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Wednesday, December 21, 2011

Wartime Christmas Ornaments: A Bright Idea


Christmas is in full swing in our household.  I have officially decorated my home for Christmas, most of the gifts have been purchased and wrapped, and the baking frenzy has begun.  So, in keeping with the holiday spirit, I’ve been reading about Christmas during wartime.  I was particularly interested in learning how Christmas d├ęcor changed due to shortages and rationing. 

The saga of Christmas ornaments was especially intriguing. 

I learned that many glass ornaments hanging on American Christmas trees before the outbreak of WWII were handmade by glass blowers in Germany.  (I’m sure you can see where this might be headed…)  After we entered the war in December 1941, the import of German ornaments came to a halt.  Also, many Americans dumped their German-made ornaments as an act of patriotism.  However, thanks to some ingenious American retailers (mainly Woolworth’s and Corning), who introduced the glass Christmas ball, Americans’ Christmas trees were not left bare during the war years.  In addition to the new-fangled ornaments, many Americans made their own ornaments as well.  This was quite the challenge in the midst of homefront shortages, rationing, and patriotic recycling, and, as you might imagine, resources were even scarcer in war-torn Europe. 

I came across an endearing article discussing European holiday shortages in a story about kind-hearted GI’s stationed in England in December 1945.  At that time, post-war England (and post-war everywhere for that matter) was still in the midst of great deprivation.  This particular group of servicemen was determined to throw a decent Christmas party for the children in the town where they were stationed.  However, they had trouble finding ornaments, so the men found old light bulbs, painted them, and hung them on their makeshift Christmas tree for decoration.(Posten, 2009)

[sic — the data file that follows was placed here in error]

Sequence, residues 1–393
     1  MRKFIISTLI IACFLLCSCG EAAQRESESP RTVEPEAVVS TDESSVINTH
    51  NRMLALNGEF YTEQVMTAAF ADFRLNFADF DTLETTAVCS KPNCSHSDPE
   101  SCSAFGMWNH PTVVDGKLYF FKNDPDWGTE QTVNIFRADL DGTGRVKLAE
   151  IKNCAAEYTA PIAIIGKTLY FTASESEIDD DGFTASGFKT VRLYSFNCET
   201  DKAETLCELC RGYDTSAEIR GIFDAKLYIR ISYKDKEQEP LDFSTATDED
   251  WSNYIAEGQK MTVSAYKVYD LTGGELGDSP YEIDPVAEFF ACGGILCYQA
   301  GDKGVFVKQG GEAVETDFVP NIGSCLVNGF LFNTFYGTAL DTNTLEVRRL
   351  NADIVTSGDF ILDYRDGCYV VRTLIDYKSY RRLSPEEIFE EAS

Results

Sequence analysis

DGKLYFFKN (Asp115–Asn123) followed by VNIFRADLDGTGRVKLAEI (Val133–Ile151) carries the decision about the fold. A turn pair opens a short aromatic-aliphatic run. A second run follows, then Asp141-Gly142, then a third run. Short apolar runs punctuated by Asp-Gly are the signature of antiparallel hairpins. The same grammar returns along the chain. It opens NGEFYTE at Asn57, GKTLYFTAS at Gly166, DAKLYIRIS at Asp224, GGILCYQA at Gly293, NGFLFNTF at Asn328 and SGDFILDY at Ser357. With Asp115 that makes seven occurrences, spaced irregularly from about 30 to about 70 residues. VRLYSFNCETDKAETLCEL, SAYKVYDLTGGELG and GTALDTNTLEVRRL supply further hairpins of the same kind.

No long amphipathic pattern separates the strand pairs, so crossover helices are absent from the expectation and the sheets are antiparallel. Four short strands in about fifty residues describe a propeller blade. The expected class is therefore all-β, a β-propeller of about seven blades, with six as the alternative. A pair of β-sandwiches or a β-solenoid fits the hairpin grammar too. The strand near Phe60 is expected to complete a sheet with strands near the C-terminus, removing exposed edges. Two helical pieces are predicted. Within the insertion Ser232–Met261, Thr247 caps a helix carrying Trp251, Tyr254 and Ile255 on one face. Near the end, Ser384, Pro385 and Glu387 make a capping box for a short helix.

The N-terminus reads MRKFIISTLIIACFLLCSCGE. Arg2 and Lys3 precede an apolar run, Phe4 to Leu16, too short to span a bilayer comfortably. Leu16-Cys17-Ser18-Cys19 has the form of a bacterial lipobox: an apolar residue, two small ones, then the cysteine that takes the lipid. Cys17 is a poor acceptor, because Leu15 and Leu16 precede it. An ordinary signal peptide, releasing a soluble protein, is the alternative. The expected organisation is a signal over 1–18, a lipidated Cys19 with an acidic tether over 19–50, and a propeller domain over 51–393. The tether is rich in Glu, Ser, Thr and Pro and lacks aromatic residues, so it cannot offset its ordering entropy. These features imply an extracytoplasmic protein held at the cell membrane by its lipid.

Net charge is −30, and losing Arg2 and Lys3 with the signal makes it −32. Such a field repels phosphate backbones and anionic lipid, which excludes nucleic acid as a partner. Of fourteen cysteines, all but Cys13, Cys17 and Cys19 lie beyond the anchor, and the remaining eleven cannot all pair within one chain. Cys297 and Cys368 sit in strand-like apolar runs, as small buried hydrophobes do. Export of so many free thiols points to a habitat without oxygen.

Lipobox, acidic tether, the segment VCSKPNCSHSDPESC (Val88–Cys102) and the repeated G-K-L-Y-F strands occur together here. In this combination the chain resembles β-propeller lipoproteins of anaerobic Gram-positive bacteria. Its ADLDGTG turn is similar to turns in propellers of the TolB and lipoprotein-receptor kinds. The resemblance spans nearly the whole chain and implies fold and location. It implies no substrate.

I decided to make my own light-bulb ornaments since I happened to have not one, but two burned out bulbs in my house.  The process was simple as it only required the light bulbs, paint, and a few scraps of yarn to hang the ornament. 

Here they are!

The green one didn't turn quite 
like I had envisioned, 
but you get the idea.
The red one turned out much better.  
I added some glitter for a little extra glitz. 


Here they are together.  How festive!

Have a very Merry Christmas!

- Megan

P.S. You can read more about the GI Christmas party in Ashton-in-Makerfield, England by clicking on the link below.